Instructional designers can mimic the reality of a learner’s daily work-life that includes a plot, conflict, and denouement. A complete story-based eLearning experience as such will likely result in learners remembering and reflecting on the lessons they learned from the characters, and eventually leads to a change in their performance at work.
E-Books and PDF Documents
Today, e-books/PDF documents in an eLearning course are competitive assets that cater to various training requirements. They are mostly offered to expand the current knowledge level of learners with extended information on a subject. You can also embed audio and video links in these digital files to make knowledge absorption more intriguing and engaging.
When to use e-books and PDF documents?
- When reading can get the job done i.e., when the subject matter is comprehendible merely through reading
- To provide concrete, factual knowledge
- To introduce learners to new trends and patterns
2. Incorporating ‘Do’ Activities in eLearning
Do activities transform the information gained from absorb activities into skills and knowledge. Here learners discover, decode, analyze, discuss, evaluate and, most importantly, apply knowledge.
When Should You Rely on Do Activities?
Do-type activities require the active thinking on part of the learners; use do activities to:
- Provide learners a safe environment to practice new skills or knowledge
- Generate curiosity among learners to take courses that are otherwise considered boring (compliance training, for example)
- Enable learning by exploration and discovery
Let’s have a look at a few do-type activities.
Scenario-based learning (SBL) is considered one of the most effective instructional strategies in eLearning, thanks to its ability to increase learner immersion. SBL in eLearning uses real-world situations where individuals make crucial decisions and are shown the consequences of their decisions.
Branching-scenarios, a variation of SBL, work in the same way except each scenario has numerous decision points and choices to solve the problem. Learners choose one course of action out of the probable choices. Each decision spawns a unique path and takes them forward, helping learners see the immediate consequences of their decisions. Branching scenarios work best when you wish to hone a learner’s decision-making skills in a variety of situations.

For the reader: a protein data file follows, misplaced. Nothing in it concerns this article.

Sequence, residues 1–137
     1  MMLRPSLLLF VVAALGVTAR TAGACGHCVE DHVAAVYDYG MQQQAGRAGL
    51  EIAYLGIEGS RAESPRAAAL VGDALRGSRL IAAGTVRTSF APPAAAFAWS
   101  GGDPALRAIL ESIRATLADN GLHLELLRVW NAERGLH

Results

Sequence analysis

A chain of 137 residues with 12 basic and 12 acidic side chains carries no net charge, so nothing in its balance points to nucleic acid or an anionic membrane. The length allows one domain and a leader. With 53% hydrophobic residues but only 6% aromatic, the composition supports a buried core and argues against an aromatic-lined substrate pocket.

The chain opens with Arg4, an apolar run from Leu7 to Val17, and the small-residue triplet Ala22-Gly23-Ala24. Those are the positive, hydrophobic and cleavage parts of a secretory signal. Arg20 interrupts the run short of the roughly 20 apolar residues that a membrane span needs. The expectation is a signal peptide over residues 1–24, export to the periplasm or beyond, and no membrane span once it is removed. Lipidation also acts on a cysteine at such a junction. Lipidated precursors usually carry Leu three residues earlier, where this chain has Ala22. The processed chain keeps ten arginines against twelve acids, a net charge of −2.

When to use branching scenarios?
- Prepare learners to apply the acquired skill, knowledge, and attitude in real life
- Train learners to adapt abstract knowledge to concrete situations
- Build confidence in learner’s ability to apply knowledge
- Verify the ability of learners to apply basic skills before moving on to advanced ones
LEAD Strategy in eLearning
Learning by Exploration and Discovery (LEAD) offers learners the flexibility to explore their learning environment, interact with it, and thus discover new knowledge. Here, as the learner is in charge of the learning environment, it facilitates active learner participation.
New-hire induction training is an excellent example to understand how unleashing the power of LEAD will help provide an immersive learning experience. Instead of making new hire training an information dump, use LEAD to give learners the opportunity to virtually explore and understand the organization’s campus. Have the company represented on an interactive map, with the various departments displayed as click-and-reveal interactivities. On clicking each building, let learners virtually explore and learn about the organizational structure, services provided by the organization, their role and responsibilities, and more.
When to use LEAD?
- Promote problem solving skill among learners
- Offer personalized and learner-centric eLearning experience
- Encourage critical thinking
Mostly used for software and product training, simulation-based learning provides learners an opportunity to learn, practice, and execute an operation through a ‘Watch-Try-Do’ approach in a fail-safe environment.
For instance, let’s take the example of software training where you want to train learners how to debug a piece of software. Learners will be first shown a video on how they need to work with the software by recording the step-by-step actions. In the second stage, learners are given a chance to try the software and execute the steps demonstrated in the previous stage, with hints and help. In the last stage, learners execute (do) the task on their own, without any external help or hints.